Introduction: IOT123 - CHARGER DOCTOR BREAKOUT
Whilst debugging version 0.4 of the SOLAR TRACKER CONTROLLER I spent a lot of time hooking up the multi-meter on diffent NPN switch circuits. The multi-meter did not have breadboard friendly connections. I looked at a few MCU based monitors including TJ's (I later realized I had one of his boards). I remembered I had a few of the CHARGER Doctors lying around, so I created a more versatile breakout for it.
It provides banana plugs, male and female headers for in and out, and alternates the voltage and current to the LCD every few seconds.
There is a review of the module at ELECTRO SCHEMATICS.
Step 1: Materials and Tools
There is a full Bill of Material and Sourcing list.
- 3D printed casing
- Charger Doctor module (1)
- Banana panel mount sockets (4)
- Male header (2 * 2P)
- Female header long pin (2 * 2P)
- 4G * 9mm stainless pan head screws (4)
- Tinned wire (200mm)
- USB Male Type A Connector (1)
- USB Female Type A Connector (1)
- Insulation tape (200mm)
- Flux pen (1)
- Soldering iron and solder (1)
Hot Glue Gun and Glue (1)
Strong Cyanoachrylate Adhesive (preferably brush on)
Step 2: Assembly
- Ensure the female headers have long pins; if not sacrifice and replace with long pins.
- Glue the male and female headers to the top panel and to one another with the Cyanoachrylate adhesive as shown.
- Carefully bend the long pins toward the outside, making contact with the male pins.
- Solder the joint, tinning the excess length while you are there.
- Assemble the USB connectors, taking note of the red and black polarity marks shown.
- Tape insulation to the USB connectors.
- Cut the threads of the banana sockets if needed.
- Install the banana posts as shown.
- Flux and Tin nut on lower banana posts.
- Route and solder from banana posts to bent pins as shown.
- Place module in void aligning both upper surfaces and secure with hot glue.
- Solder tinned wire onto outer pins on USB connectors, ensuring clearance on each other.
- Position bottom cover and fasten with screws.
Step 3: Next Steps
- Hook up the "IN" side to your power source.
- Hook up the "OUT" side to your load.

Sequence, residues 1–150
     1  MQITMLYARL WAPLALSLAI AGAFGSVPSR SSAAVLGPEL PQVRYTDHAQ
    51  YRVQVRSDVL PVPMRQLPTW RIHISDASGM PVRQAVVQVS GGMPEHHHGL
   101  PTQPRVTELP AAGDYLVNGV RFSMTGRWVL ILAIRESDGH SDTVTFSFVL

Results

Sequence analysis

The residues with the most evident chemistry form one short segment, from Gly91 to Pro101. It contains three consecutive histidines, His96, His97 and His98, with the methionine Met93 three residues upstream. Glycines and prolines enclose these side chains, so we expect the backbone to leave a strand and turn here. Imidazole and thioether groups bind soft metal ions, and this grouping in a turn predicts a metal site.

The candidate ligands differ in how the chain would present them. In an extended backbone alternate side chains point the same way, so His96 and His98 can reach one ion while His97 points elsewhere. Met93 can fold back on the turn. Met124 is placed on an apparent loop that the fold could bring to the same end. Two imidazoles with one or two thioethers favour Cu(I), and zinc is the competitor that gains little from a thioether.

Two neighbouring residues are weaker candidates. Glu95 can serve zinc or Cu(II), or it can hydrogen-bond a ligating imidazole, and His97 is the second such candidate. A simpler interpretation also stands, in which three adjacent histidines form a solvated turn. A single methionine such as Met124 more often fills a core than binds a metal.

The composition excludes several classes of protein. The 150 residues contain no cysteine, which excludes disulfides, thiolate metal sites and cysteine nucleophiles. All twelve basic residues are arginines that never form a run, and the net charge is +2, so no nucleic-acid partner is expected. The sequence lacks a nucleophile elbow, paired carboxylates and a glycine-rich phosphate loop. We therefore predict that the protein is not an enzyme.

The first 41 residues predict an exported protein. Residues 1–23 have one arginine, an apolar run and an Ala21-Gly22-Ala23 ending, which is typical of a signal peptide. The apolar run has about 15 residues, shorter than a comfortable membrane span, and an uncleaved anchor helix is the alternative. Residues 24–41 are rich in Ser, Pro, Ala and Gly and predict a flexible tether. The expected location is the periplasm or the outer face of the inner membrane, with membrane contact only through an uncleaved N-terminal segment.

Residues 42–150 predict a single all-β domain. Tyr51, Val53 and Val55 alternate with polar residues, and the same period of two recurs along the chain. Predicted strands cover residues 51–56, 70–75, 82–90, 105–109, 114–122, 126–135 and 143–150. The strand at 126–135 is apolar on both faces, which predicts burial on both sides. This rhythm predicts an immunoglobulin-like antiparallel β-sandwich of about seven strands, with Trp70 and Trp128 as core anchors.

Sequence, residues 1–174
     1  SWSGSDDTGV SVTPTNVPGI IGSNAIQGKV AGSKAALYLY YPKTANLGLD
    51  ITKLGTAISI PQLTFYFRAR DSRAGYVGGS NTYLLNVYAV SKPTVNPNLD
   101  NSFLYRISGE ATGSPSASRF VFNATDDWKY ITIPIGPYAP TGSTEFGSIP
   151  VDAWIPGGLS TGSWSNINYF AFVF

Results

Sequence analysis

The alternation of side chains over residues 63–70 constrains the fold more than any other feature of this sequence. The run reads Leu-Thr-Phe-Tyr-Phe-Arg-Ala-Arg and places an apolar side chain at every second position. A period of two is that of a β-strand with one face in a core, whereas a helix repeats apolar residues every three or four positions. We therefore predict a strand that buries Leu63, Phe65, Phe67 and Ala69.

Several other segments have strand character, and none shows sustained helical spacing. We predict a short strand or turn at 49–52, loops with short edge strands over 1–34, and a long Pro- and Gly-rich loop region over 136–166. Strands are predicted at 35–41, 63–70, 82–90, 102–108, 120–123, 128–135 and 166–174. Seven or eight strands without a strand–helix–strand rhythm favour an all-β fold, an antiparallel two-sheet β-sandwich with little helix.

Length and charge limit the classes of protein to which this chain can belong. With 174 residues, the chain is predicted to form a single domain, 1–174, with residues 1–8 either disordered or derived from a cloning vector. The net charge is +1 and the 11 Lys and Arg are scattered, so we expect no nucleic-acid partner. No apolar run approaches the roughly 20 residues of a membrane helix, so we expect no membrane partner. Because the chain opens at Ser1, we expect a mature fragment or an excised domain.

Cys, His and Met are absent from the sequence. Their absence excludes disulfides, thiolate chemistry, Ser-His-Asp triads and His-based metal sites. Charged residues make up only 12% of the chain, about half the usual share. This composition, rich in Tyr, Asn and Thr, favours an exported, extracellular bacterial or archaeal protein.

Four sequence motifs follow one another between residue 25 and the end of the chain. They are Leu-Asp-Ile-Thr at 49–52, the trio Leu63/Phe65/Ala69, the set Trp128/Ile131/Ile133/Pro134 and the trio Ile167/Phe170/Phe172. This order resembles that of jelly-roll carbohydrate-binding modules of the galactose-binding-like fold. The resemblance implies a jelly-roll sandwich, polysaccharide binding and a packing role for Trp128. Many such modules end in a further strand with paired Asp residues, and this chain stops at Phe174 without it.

- Monitor the voltage and the current draw.
NOTE: If the load is not consistent (like periodic use of servos), the alternating Voltage/Current display may not be good enough. Also my use case (Arduino Pro Mini 3.3V controlling servos) did not show a current draw when servos were not in use, so 10's of milliamps were not registering.
5 years ago
I find these charge doctors really useful, and could be handy for a lot of 5v projects that don't have usb ports, so this breakout is great.
Just a thought, it would be useful if you still had the usb functionality. if you had two male and two female connectors, you could extend out the usb connections to the edge of the case. Or I would imagine you could crack the case of the charge doctor, running wires out from the positive and negative of the onboard usb connectors to secondary usb connectors mounted to the new case (as well as the banana clips and pins).
Also you could include some screw up terminal connections, for greater flexability.
a really useful build, thankyou
Reply 5 years ago
Great that you are looking at the connectivity. Screw terminals is a good one. I have several of these extremely cheap modules, so keeping the USB connectivity was not a priority.
Reply 5 years ago
also, a weaker but cheaper and quicker way of doing things would be to dispense with the case altogether, just make up a lead from a female usb connector to two banana plug connectors, two terminal connectors, two pin connectors (and then repeat for the male usb). With a bit of hot glue and heat shrink for strain relief, I think these could be reasonably hardwearing, though obviously less so than the case mounted form. as a bonus, you can still use the usb doctor on its own